get to know your addiction and see yourself with honesty and openness

remember to work at your own pace and its not a race indeed some consider recovery to be a journey rather than a destination

good luck

_________________
Remember recovery is more than abstinence
Every transition begins with an ending
Do not confuse happiness with seeking pleasure
stay healthy keep safe
Coach Kenzo


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PostPosted: Mon Feb 24, 2020 9:41 pm 
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Posts: 63
Kenzo wrote:

hi, thanks coach kenzo :g: don't worry i'm not running to burn myself out. i've done these in notepad for a few months, only putting them here now while tweaking a few things. thank you for the words


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 Post subject: Lesson 17
PostPosted: Mon Feb 24, 2020 9:53 pm 
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Posts: 63
Understanding Addiction II: http://www.recoverynation.com/recovery/ ... op_017.php (formatted apr 6 for ease of reading for self in the future)

The wheel: https://prnt.sc/r76fr8
* Everyone associates with the elements on the wheel differently and each have their own weights and roles in different people's compulsive behavior.
* By the end of this workshop, you should not only have mastered an awareness of each element of the wheel, but have begun to form your own personalized compulsive wheels — each representing your specific sexual/romantic behavior. From there, urge control and the ability to isolate emotions from values becomes a rather simple process.

    1. Sensory stimulation - each of the five senses can bring arousal uniquely. My personal focus seems to be with touch and sight
    2. Fantasy- exists as either(or both!) a. imagery or b. delusional, though a can lead to b.
    3. Danger - Danger is the calling card for your body's "fight or flight" response. When danger is perceived, your autonomic nervous system engages by releasing adrenaline into your body.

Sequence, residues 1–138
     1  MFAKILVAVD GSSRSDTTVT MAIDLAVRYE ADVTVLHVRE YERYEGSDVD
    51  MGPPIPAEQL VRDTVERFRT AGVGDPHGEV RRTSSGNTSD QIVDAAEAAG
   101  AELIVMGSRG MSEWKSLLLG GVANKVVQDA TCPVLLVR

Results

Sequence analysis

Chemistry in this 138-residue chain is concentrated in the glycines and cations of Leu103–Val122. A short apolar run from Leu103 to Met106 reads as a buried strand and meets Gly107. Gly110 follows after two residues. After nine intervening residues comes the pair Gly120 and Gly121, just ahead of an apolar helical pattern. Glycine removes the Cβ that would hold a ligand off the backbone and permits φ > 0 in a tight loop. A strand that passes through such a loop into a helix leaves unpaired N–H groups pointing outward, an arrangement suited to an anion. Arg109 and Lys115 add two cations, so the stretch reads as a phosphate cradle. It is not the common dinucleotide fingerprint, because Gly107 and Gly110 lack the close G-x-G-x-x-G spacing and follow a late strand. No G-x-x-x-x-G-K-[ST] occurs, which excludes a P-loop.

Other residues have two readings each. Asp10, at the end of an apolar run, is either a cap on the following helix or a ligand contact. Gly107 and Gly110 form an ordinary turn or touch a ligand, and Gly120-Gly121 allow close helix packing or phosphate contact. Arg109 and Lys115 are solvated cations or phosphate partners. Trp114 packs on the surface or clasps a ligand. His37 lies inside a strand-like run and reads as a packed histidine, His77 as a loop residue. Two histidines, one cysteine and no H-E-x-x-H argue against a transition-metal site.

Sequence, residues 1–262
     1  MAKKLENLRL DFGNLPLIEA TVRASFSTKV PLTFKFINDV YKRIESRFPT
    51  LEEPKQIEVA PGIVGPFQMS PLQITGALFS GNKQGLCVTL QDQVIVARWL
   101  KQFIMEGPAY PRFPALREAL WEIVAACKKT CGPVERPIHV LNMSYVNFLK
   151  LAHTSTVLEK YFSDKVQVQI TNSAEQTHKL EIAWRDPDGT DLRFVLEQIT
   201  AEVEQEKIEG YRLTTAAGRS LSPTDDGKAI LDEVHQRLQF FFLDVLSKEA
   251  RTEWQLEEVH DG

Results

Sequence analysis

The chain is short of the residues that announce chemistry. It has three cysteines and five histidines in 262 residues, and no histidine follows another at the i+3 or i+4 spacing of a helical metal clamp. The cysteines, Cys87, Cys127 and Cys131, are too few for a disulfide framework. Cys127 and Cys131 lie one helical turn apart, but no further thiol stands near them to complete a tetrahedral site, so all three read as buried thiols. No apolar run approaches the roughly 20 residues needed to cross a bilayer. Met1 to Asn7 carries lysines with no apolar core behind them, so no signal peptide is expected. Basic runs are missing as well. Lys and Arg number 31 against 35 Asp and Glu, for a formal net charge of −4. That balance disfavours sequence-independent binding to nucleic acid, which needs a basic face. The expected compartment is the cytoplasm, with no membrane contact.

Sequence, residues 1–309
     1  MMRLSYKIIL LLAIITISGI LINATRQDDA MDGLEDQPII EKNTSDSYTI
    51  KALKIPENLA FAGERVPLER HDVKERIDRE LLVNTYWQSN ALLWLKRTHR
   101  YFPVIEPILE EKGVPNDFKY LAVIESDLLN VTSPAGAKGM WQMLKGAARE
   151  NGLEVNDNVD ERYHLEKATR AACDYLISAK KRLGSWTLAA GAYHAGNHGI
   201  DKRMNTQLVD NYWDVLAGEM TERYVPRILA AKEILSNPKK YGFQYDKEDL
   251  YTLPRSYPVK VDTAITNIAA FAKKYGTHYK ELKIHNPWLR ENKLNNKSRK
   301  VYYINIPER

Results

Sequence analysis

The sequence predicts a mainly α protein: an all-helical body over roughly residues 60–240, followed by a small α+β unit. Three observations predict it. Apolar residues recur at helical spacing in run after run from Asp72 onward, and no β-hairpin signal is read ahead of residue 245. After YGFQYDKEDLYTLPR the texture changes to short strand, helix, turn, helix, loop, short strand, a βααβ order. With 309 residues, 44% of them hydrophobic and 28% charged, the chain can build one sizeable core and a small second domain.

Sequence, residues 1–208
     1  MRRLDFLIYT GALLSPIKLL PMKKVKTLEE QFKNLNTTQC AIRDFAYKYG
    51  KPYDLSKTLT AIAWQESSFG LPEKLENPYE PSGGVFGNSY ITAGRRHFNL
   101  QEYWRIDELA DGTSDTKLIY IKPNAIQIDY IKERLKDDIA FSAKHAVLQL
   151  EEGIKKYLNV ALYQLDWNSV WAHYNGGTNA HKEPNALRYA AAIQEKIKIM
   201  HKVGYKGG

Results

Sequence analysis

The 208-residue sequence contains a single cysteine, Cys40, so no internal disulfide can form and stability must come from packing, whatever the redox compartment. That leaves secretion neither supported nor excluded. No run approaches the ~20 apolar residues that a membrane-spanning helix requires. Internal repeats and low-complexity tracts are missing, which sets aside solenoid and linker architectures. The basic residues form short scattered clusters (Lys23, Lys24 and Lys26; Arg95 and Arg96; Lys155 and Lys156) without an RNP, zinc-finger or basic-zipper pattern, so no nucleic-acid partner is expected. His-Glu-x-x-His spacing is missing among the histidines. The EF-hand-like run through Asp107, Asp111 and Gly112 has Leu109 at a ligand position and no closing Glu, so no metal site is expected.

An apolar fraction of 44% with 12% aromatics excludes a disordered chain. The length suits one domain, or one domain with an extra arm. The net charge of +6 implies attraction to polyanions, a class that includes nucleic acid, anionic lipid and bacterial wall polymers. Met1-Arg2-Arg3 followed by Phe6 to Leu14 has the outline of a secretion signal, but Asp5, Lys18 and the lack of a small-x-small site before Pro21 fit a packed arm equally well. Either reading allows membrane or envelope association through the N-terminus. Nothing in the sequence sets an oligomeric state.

4. Suspense - 'the gambler's high'. suspense, mystery, not knowing what will happen.
    5. (sexual) Accomplishment - The feeling is no different than when value-oriented goals are achieved — except that sexual accomplishment frequently come with guilt and are short-lived. Still, short term feelings of success can become quite intoxicating — especially when the alternative is to face a reality that is filled with perceived failure.
    Returning to the "cookie" reference, one only needs to ask themselves, "What good is baking your favorite cookies, if you don't get to eat them (or see others enjoy them)?" The answer is, there is some pleasure derived from the baking itself, but you baked those cookies with a goal in mind — for someone to eat them — and until that happens, the pleasure obtained will be short-lived.
    6. Power - Being in power OR under someone else's power.
    7. Past - the stimulation/feelings from this aren't necessarily positive (they can be negative), just intense is what usually.
    8. Poly-addictions - Sexual compulsive behaviors combined with other (non sexual) addictions. e.g. alcohol & masturbating, drugs etc. (explored later)
    9. Orgasm - additionally, the physiological changes that are produced during the time of orgasm are real. They are powerful. And they are addictive.

Conclusion
This overview of nine traits involved in sexually compulsive behavior is not meant to be either inclusive or exhaustive. You will soon be completing your own compulsive wheels and may have other behaviors that you want included, and even include non-sexual behaviors if you wish. To practically measure your stimulation produced, you will learn about filters in L18.

Lesson 17 Exercise:
I. Consider a particular compulsive ritual that you have engaged in. Identify the elements.
NOTE: ritual = any practice or pattern of behavior regularly performed in a set manner.

masturbation w/ porn:
* doubt, guilt, shame
* touch sensory
* visual & audio sensory
* fantasy
* accomplishment
* orgasm


Last edited by Ed1043 on Mon Apr 06, 2020 6:20 am, edited 1 time in total.